We certainly, cannot contemplate what it will be like, as "eye hath not seen neither ear heard neither has it entered into the heart of man what God has prepared for them" ! It is futile, to try and imagine, in fact it could be idolatry to do so!

If time, is the awareness of events passing, of forward movement, then yes we experience this now. But I doubt we will be looking at a clock when we are in the presence of the Eternal God..and I doubt whether time will be an element in that experience, certainly not in the way we experience time now. For now we long to see Him in the future. Time has many emotions connected with it. Regret, longing, hoping and others. None of these will be experienced in Heaven as we will know even as we have been known.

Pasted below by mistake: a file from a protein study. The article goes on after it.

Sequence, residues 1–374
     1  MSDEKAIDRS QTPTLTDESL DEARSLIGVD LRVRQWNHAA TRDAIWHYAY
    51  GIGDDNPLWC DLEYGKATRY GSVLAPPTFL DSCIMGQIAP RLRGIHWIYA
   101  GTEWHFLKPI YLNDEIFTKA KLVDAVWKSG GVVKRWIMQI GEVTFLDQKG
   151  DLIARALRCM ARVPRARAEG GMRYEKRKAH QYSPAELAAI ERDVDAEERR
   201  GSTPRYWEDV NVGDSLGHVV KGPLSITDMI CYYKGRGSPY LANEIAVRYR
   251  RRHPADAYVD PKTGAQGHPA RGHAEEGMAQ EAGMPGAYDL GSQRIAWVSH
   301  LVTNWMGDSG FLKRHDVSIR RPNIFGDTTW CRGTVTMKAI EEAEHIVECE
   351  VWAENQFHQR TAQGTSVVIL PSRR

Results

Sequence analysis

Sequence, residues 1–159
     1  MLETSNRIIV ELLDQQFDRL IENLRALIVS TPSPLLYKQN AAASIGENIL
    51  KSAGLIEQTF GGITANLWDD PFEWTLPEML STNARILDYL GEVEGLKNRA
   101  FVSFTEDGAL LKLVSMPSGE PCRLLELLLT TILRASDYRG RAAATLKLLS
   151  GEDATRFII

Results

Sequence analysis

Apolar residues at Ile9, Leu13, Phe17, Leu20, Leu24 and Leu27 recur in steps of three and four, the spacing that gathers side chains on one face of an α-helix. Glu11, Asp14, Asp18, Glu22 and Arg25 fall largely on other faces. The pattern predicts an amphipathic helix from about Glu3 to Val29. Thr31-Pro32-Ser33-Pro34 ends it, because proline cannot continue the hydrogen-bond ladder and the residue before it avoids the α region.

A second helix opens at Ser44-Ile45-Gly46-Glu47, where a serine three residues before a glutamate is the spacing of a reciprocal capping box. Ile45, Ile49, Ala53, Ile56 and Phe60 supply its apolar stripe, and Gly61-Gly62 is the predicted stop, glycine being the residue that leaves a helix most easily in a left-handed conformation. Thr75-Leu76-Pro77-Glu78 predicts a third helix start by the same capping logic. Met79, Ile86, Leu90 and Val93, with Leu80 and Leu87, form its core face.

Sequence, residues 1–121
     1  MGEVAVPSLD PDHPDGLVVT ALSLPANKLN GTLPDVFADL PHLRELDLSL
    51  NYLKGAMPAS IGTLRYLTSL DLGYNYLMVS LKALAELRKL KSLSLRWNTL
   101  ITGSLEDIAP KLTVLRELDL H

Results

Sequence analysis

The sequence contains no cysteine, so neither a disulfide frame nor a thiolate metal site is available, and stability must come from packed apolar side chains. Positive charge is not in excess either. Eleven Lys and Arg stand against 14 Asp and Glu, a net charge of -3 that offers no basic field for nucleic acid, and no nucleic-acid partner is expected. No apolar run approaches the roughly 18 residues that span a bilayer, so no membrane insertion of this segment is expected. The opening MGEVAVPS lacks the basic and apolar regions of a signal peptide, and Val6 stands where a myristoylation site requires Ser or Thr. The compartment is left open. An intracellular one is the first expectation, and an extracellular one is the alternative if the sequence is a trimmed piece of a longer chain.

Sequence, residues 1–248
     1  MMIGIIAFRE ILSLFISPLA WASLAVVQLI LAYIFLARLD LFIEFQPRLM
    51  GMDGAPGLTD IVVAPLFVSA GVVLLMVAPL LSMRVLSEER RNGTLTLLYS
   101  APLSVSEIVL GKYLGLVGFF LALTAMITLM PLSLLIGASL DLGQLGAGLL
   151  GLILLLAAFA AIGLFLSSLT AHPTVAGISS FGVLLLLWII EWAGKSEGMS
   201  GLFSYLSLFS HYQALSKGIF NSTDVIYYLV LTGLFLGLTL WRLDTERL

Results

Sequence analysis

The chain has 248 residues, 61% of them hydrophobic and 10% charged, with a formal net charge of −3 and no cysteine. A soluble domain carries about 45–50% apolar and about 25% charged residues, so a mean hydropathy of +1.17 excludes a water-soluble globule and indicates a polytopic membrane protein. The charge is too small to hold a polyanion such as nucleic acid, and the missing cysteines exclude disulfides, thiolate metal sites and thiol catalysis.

Thoughts of heaven must always fall into the category of, "Eye has not seen-neither has it entered into the hearts of men, what God has prepared for them that love him" ! Time may be swallowed in eternity just as this, "Mortal will be swallowed up in immortality".

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Welcome to the site! I look forward to seeing more from you! This next has nothing to do with the quality of your answer, it's just standard to help new visitors avoid misunderstanding the site (as I did at first.) As a new visitor, I'd recommend checking out the following two posts, which are meant to help newcomers "learn the ropes": help page and How we are different than other sites? –  David Stratton Nov 17 '13 at 16:32
    
Hi and Thanks for the info David, will take a look! –  John Unsworth Nov 17 '13 at 17:47